Indonesia is looking to become a tourist powerhouse

Can Bali stay a tourist paradise?
Can Bali stay a tourist paradise?

Arief Yahya is a man with a mission to make Indonesia a global tourism hot spot.

"We realized everyone in the world knows only Bali, That's why our president challenged me to create another 10 new Bali," Arief told CNBC in November.

In fact, Arief, who is Indonesia's tourism minister, has many ambitious targets. Indonesian President Joko Widodo has been vocal about his aim of attracting 20 million international visitors to his country by 2020. That's roughly twice the number of tourist arrivals since 2015.

To hit that target, the president, popularly known as Jokowi, gave Arief the task of boosting tourism arrivals into the world's fourth-most populous country.

That's not an easy task, considering that the country is still working through challenges of infrastructure and better connectivity.

Indonesia's tourism minister Arief Yahya speaking in Singapore about the ministry's year-long partnership with ridehailing giant Grab.
Elias Lo

But Arief, a former chief executive of Indonesia's largest telecommunications firm, accepted the challenge.

The minister told CNBC that Indonesia is projected to receive 16 million by the end of the year.

That may fall short of the target of 20 million, but the number of tourist arrivals has grown by about 20 percent every year since he took office in October 2014.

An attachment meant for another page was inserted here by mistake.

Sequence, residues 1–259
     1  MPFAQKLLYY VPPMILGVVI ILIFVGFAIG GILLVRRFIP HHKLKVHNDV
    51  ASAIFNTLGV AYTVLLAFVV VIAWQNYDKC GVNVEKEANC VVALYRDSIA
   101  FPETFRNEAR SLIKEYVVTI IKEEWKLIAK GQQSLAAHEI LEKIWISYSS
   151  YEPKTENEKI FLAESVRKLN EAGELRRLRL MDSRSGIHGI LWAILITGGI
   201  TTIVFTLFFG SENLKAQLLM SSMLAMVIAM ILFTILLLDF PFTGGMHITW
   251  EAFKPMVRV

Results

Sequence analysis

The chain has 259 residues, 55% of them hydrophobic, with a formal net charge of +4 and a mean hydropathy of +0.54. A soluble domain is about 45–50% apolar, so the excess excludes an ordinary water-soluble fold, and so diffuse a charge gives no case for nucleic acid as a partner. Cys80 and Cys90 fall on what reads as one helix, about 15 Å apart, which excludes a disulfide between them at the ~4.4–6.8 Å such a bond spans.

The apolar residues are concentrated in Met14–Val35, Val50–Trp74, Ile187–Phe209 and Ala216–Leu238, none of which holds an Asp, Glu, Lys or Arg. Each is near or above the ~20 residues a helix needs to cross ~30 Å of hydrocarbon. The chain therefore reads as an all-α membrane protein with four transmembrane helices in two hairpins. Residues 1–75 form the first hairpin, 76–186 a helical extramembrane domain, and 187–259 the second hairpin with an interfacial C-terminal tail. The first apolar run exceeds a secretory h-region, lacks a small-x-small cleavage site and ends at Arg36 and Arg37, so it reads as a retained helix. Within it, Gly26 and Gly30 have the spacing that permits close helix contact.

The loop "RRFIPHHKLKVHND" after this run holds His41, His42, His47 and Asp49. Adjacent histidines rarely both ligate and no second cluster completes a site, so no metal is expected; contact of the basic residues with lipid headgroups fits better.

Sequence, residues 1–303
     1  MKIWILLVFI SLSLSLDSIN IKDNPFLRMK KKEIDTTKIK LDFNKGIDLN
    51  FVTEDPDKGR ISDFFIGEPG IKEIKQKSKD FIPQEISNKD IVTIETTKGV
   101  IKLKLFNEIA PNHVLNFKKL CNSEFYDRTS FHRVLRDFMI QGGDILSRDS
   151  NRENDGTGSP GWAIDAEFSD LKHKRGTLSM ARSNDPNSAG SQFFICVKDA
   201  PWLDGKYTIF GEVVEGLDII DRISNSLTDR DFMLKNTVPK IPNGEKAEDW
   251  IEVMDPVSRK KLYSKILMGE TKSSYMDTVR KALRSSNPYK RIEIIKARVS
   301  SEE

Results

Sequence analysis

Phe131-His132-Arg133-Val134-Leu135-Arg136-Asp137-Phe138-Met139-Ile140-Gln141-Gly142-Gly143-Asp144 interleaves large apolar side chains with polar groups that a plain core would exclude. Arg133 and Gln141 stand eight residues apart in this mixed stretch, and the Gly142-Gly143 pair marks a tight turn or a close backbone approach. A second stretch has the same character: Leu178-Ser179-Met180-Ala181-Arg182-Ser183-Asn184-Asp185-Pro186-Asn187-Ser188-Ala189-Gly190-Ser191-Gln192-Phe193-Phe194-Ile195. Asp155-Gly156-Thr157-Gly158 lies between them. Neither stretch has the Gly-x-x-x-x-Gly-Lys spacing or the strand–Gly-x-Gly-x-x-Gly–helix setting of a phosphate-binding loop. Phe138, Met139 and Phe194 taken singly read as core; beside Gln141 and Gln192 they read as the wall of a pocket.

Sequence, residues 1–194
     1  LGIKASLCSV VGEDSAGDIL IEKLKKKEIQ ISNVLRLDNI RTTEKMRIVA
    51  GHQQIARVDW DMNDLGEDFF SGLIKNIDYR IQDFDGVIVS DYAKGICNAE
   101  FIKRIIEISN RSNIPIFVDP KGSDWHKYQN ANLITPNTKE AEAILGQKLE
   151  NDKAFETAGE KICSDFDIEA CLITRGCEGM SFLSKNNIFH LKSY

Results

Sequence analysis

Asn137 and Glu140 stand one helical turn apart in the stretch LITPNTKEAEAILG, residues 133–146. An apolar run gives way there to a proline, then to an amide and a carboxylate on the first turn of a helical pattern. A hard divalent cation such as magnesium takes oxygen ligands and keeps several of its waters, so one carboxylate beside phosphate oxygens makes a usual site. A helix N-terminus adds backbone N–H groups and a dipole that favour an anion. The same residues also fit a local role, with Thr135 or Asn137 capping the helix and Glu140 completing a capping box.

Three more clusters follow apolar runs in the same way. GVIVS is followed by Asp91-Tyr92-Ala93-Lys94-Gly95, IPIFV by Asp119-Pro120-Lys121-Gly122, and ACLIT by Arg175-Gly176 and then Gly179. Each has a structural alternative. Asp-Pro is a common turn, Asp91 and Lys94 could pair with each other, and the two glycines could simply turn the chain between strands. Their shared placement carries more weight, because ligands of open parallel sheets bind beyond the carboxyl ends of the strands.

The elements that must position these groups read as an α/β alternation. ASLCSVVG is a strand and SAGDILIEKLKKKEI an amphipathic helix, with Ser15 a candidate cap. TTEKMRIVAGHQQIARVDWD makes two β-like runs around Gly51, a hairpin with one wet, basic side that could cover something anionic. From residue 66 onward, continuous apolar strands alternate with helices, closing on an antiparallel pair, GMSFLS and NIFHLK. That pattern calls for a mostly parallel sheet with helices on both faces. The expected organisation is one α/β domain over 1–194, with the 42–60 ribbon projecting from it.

Arief credited the growth in tourist arrivals to deregulation in the sector. Only 15 countries' citizens could visit Indonesia without a visa in 2015. Today, citizens of 169 countries can enter visa free.

The top item on Arief's agenda, however, is for Indonesia's tourism efforts to "go digital" — which can be seen in his ministry's partnership with regional ride-hailing giant Grab. That's spurred in part by Arief's interest in growing his country's share of millennial tourists. Already, half of all international visitors to Indonesia are from that generation.

"Millennials have their special needs ... they are very digital, so we have to provide them a digital environment," he said, adding that millennials are using social media app Instagram extensively and are looking for cheaper options through the sharing economy.

Already, more than 70 percent of the marketing budget goes to digital players like Expedia, Baidu and Google, he said.

Arief also addressed an issue which has been the subject of much debate on the island of Bali — zero-dollar tours.

Those are all-inclusive vacation packages sold at bargain prices, which many Chinese tourists purchase for their trips Bali.

The island is attracting a significant increase in the number of foreign tourists from China. For the first time last year, Chinese tourists outnumbered Australians as the biggest group of foreign visitors to Bali.

Arief said he found the zero-dollar tours concerning because he believes the tour operators running them are not properly licensed. They would not be able to give such cut-rate discounts, he said, if they were operating according to usual procedures.

As for Chinese tourists in general, Arief said the Chinese were "preferred" customers.

"In terms of size, they're the largest. In terms of growth, they're the largest. In terms of (foreign exchange) receipts, they're the largest," he said, adding that people denigrating Chinese tourists must be "competitors."